Duluth, MN (NNCNOW.com) - The combined passage of both of the Duluth school district's operating levies Tuesday night means a total of $7.3 million—$2.9 million of which is either new money or additional state aid—will find its way into ISD–709's hallways and classrooms in the coming years.
The property tax hike the five–year levy will bring with it varies, and goes into effect in 2014.
"We'll be able to reduce class sizes, work toward closing the achievement gap and raising the graduation rate, and replacing some of our old, outdated curriculum materials," said a very excited Superintendent Bill Gronseth, of ISD 709.
Whereas Duluth voters shot down a three–part 2011 levy, Gronseth says this year's results were proof of Northlanders' commitment to tackling the district's issues head on.
"I think last night was a celebration of our community coming out and saying, 'we do support education in Duluth,'" said Gronseth.
Duluth School Board–elect Harry Welty, who supports the levies, says it's now up to the board to fulfill its duty of successful and cost–effective implementation of taxpayer dollars in the long–range facilities plan, especially after the breach of district trust the multi–million dollar Red Plan created for some residents.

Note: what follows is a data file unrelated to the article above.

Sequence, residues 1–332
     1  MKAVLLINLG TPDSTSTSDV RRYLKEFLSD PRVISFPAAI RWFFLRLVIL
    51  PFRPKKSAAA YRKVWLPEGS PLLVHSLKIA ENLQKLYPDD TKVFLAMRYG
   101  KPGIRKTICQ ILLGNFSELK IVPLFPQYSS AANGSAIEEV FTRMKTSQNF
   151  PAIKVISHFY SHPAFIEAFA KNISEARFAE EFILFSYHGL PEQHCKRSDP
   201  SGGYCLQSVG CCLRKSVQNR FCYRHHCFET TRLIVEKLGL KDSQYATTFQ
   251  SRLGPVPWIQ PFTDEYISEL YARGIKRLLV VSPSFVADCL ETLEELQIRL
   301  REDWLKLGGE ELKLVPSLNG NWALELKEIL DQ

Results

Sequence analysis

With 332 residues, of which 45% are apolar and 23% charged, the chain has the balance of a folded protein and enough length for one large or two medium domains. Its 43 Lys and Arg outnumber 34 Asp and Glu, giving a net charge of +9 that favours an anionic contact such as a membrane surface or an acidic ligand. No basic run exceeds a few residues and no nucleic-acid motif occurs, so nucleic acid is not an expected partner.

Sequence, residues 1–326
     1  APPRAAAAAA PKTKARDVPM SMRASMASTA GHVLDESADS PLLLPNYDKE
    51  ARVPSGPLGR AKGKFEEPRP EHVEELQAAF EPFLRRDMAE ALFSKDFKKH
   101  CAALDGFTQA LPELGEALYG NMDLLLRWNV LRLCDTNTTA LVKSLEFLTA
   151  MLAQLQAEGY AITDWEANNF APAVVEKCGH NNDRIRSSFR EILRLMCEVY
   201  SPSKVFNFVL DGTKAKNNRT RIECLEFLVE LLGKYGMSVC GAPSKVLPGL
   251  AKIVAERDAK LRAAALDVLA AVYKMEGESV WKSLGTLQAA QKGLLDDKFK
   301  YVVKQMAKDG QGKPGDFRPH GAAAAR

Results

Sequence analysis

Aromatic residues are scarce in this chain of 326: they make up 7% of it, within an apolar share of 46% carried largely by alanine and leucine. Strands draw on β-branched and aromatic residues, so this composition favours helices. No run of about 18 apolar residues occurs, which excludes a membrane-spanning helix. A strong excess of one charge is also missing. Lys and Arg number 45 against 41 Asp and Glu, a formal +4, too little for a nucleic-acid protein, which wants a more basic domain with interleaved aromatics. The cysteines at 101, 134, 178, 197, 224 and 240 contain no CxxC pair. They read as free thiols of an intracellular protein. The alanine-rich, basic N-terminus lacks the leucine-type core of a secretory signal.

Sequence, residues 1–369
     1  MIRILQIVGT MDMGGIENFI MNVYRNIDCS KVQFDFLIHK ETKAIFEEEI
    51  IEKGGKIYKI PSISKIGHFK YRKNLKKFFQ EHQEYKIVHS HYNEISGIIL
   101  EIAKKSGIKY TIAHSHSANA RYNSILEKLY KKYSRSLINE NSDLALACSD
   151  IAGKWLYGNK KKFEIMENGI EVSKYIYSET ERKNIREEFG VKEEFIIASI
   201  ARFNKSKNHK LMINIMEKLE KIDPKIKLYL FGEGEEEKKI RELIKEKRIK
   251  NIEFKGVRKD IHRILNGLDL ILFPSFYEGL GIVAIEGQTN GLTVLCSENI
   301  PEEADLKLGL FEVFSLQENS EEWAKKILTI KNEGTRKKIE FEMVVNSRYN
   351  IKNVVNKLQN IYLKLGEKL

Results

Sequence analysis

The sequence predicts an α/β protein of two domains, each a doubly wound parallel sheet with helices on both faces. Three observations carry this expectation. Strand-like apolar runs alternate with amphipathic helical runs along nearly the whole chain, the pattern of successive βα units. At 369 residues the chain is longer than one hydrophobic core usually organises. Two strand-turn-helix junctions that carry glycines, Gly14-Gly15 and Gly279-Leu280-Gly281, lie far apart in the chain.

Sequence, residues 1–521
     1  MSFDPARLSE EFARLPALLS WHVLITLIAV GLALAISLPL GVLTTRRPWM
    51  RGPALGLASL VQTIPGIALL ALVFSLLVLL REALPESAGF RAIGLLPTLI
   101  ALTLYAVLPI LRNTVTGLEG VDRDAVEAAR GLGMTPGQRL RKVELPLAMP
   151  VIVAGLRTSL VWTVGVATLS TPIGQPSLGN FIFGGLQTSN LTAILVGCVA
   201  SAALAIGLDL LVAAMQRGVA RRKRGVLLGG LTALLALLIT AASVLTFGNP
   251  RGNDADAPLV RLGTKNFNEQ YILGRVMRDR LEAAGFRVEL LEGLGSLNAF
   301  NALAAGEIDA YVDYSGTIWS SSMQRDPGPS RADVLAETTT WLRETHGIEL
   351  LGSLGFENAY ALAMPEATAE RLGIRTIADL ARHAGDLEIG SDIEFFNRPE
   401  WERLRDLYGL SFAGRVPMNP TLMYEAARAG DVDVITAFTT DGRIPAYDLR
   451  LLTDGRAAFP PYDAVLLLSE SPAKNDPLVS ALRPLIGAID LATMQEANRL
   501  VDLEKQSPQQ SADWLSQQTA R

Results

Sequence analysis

"We on the school board have a huge responsibility not to disappoint them," said Welty Wednesday morning. "They expect that money to be used to bring class sizes down."
In Hermantown's ISD–700, where their levy passed by a narrow 54 percent, Superintendent Brad Johnson says they'll be forming a Citizen Advisory Committee this week to determine the most cost–effective, and community–involved, ways to go forward with their $48.9 million project.
So far, that includes tearing down the old middle school and building a new high school.
"Timelines are tight," said Johnson, "we'd like to get this going as soon as possible so we have time to work on it."
The levy was supported by the Hermantown Chamber of Commerce in the name of bringing new businesses to the area through an attractive school district.
But third–generation owner of Hermantown–based Mac's Landscaping Center Patrick McDonald says he's concerned about what the tax hike means for his, and other businesses', bottom line.
"We are going to have to learn how to cut some other expense to make room for this, because this comes right off of our bottom line and we have no control over it," said McDonald as his employees hauled chicken feed to a customer's truck.
McDonald says he hopes levy supporters' promises of new businesses will come true, which will help keep property taxes down and his prices from rising.
Meanwhile, Hibbing's School District showed overwhelming support for their operating levies with a 77 percent yes vote.
Crosby – Ironton voted yes for their levy by 68 percent.
Red Lake voted yes for their capital levy by a solid 100 percent.